Psychology & Psychiatry

Men win humor test (by a hair)

Men are funnier than women, but only just barely and mostly to other men. So says a psychology study from the University of California, San Diego Division of Social Sciences.

Psychology & Psychiatry

Psychologists see humor as a character strength

Humor is observed in all cultures and at all ages. But only in recent decades has experimental psychology respected it as an essential, fundamental human behavior.

Neuroscience

Imaging study shows how humor activates kids' brain regions

For the first time, researchers have scanned the brains of children watching funny videos to examine which of their brain regions are active as their sense of humor develops. The new findings from the Stanford University ...

Psychology & Psychiatry

In the long run, funny women satisfy men more

Yes, women expect men who are courting them to make them laugh. But a woman who can make her partner laugh is equally, if not more, important to the guy's long-term happiness in the relationship.

Psychology & Psychiatry

Does your sense of humor change as you age?

A UA researcher and two co-authors examined whether young, middle-aged and older adults found clips of inappropriate social behavior to be funny.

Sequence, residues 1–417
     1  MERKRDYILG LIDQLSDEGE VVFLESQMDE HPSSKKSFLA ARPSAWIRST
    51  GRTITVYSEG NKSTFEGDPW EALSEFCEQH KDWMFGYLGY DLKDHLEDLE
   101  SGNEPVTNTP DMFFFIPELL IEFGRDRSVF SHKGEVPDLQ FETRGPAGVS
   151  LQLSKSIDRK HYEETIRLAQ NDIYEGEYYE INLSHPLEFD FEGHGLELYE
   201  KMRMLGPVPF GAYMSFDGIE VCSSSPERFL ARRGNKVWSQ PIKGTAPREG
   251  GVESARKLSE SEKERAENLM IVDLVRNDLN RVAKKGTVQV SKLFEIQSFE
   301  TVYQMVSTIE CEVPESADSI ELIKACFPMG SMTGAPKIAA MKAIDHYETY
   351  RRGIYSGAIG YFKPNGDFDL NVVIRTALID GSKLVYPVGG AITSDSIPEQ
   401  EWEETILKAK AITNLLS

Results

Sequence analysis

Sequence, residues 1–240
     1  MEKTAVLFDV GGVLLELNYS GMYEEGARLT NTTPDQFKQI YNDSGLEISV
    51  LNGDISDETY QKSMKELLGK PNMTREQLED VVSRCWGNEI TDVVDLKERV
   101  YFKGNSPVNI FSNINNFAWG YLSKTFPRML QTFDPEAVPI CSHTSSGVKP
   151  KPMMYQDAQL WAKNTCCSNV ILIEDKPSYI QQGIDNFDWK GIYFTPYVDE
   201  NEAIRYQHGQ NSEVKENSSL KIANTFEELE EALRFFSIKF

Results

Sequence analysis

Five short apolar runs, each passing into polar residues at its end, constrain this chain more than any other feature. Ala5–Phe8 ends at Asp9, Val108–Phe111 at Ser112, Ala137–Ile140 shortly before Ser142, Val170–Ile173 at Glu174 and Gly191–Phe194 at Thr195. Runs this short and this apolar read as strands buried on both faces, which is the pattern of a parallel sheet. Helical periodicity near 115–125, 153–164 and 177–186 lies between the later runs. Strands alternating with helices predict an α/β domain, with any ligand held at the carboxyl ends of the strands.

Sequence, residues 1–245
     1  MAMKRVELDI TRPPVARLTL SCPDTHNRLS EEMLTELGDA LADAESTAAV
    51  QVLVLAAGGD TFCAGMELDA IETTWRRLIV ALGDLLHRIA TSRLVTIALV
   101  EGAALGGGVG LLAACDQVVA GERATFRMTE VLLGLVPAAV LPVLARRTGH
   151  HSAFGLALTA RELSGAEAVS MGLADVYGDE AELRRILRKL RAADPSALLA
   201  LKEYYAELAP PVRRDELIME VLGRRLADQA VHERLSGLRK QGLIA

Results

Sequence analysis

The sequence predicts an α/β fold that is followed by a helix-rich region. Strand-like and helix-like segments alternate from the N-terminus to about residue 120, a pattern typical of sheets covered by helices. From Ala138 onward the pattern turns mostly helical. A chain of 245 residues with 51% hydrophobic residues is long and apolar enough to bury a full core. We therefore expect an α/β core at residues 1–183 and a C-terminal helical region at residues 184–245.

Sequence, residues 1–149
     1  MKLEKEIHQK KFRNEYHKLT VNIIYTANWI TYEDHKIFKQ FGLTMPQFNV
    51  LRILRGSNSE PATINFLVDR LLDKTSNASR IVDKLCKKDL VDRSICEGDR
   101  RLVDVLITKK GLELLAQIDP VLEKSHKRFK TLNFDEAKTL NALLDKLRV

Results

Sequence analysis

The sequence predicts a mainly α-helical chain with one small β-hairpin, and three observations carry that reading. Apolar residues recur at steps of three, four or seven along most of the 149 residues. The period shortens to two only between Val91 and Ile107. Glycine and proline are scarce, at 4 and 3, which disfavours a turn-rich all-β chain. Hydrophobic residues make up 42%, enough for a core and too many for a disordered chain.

Psychology & Psychiatry

No laughing matter: Some perfectionists have a dark side

The type of perfectionist who sets impossibly high standards for others has a bit of a dark side. They tend to be narcissistic, antisocial and to have an aggressive sense of humor. They care little about social norms and ...

Psychology & Psychiatry

Training character strengths makes you happy

Anyone who trains character strengths increases their sense of well-being, a large-scale study conducted by a team of psychologists from the University of Zurich has concluded. It proved for the first time that this kind ...

Psychology & Psychiatry

Using humor to help toddlers learn

We all know that laughter is the best medicine, but a team of French scientists has discovered that using humor also appears to help toddlers learn new tasks, reports a new study in the journal Cognition and Emotion.

page 1 from 2